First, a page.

"It gives us a sense of an identity," said senior wide receiver Miles Osei, who grew up near Chicago in Mount Prospect, Ill. "People in the Chicago area and people that follow Illinois football can sense that. Maybe in the past they haven't had that much of an identity, but we're definitely establishing it."
When Butkus grew up on Chicago's South Side, Illinois had a much stronger presence in the city. He remembers facing future Illini teammates such as Jim Grabowski and Gregg Schumacher in city playoff games.
Illinois coach Pete Elliott and his staff relentlessly recruited city players. Bill Taylor lured Butkus out of Vocational High School. But the slush-fund scandal in 1966 led to Elliott's resignation, followed by 13 losing seasons in the next 14 years.
Butkus recalls that most of Elliott's assistants went to work for Levi Strauss in sales after things fell apart in Champaign.
"Dammit, those guys knew how to sell," Butkus said. "They were a young group, just great guys. You wanted to play for 'em. We had talented guys. I just do not understand why we have a tough time recruiting out of here. I guess playing at Soldier Field, we're trying to get the presence going, but you've got to work the high schools."
Beckman and his assistants are trying to do just that. They held three camps in the area this summer and a spring scrimmage at Gately Stadium on the city's South Side.
Zook made local recruiting splashes with players such as Martez Wilson and Juice Williams, both Chicago natives (Williams also attended Vocational High). The pipeline to elite prospects since has dried up a bit, although Aaron Bailey, a four-star quarterback from Chicago suburb Bolingbrook, headlined the 2013 class.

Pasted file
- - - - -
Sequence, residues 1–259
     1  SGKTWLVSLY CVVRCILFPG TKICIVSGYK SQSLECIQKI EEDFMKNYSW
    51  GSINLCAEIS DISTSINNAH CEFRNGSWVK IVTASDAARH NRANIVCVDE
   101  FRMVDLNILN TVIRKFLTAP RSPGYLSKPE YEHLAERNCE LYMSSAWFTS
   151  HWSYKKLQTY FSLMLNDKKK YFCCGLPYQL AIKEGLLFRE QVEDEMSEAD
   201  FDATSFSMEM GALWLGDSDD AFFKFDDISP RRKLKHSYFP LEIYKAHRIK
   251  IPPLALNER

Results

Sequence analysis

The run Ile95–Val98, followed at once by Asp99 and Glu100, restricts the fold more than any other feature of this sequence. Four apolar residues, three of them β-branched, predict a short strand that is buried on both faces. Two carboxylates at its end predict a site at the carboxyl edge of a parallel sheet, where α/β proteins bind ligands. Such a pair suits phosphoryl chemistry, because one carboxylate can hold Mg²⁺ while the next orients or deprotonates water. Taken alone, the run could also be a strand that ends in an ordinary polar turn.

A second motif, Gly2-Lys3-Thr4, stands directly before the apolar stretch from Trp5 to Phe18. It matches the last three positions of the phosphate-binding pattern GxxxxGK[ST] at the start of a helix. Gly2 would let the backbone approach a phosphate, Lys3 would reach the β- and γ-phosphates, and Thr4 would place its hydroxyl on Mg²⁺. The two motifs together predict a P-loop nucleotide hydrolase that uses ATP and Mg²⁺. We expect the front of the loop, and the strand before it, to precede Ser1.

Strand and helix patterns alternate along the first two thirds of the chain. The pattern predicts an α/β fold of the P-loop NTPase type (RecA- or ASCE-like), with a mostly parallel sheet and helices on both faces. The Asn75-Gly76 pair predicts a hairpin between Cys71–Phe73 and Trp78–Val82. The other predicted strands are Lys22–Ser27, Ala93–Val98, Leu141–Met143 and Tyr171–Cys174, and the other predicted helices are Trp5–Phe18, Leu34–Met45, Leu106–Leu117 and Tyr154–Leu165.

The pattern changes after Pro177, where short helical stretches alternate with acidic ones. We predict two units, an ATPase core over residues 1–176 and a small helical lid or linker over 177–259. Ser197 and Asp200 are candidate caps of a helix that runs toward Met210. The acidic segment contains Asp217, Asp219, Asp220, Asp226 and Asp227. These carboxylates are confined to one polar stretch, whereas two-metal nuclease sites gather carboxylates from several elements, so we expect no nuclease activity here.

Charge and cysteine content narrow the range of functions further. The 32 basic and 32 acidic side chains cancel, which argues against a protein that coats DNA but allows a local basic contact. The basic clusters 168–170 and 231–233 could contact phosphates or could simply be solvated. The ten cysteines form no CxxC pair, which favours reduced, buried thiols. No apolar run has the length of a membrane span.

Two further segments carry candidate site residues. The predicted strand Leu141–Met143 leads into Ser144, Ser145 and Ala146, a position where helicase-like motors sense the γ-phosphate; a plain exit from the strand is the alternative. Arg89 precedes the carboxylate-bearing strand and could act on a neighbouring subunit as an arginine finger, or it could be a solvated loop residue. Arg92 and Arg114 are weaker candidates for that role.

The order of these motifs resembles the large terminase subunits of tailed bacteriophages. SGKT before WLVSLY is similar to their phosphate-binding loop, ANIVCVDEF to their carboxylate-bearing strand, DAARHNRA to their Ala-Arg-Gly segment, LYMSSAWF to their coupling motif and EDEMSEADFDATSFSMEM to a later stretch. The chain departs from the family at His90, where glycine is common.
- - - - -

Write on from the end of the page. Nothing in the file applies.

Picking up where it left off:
"It's huge," Beckman said. "It's not like three guys are up there and they recruit Chicago. Every coach on this staff has a piece of Chicago, so that everybody in that city gets to meet our coaching staff, from quarterback coach to DB coach.
"We're not to where we want to be, but we’ve definitely made strides."
Asked why Chicago has posed such a challenge for Illinois, Butkus replied, "If I knew that answer, I'd be a goddamn genius."
"That's been baffling me for 48 years," he said. "I don't understand it."
He hopes the Chicago homecoming can be a starting point, and the mood around the game and the events undoubtedly will be better after the Cincinnati win. The hope is that the good feelings will translate into more butts in seats on Saturday.
As of Tuesday, Illinois was approaching 40,000 tickets sold, according to Jason Heggemeyer, the school's associate athletic director for ticketing and sales. Thomas said 50,000 "might be a little bit ambitious" but added that the school's Chicago-based fans often wait to buy tickets for events like Illinois' annual basketball game at the United Center. The walk-up crowd also could be good.
"You’d hope Saturday's win would resonate with a good number of people," Thomas said. "We haven't played up there since the early 90s."
The weekend will be a test run of sorts, as Thomas is interested in playing more football games in Chicago. After launching the "Illinois. Our State. Our Team" marketing campaign in August 2012 and forming a Chicago athletics advisory board in February, Thomas is looking for different and more aggressive ways to brand Illinois in the area.
"You can't take a day off," Thomas said. "Year in and year out, you've got to have a real presence up there, and I don't think in the past that's been the case."
Thomas is right about the recent past, but there was a time when Illinois football truly resonated in the Midwest's largest market. Butkus lived through it, and he wants to bring it back.
"Shoot, we'd all like to play in the BCS championship, but that's not where we're at right now," he said. "At least give the team some support. If they know of anybody or their own kids looking to play, why wouldn't you go to Illinois? It's a great school.
"We've just got to spread the word and get people more excited about it."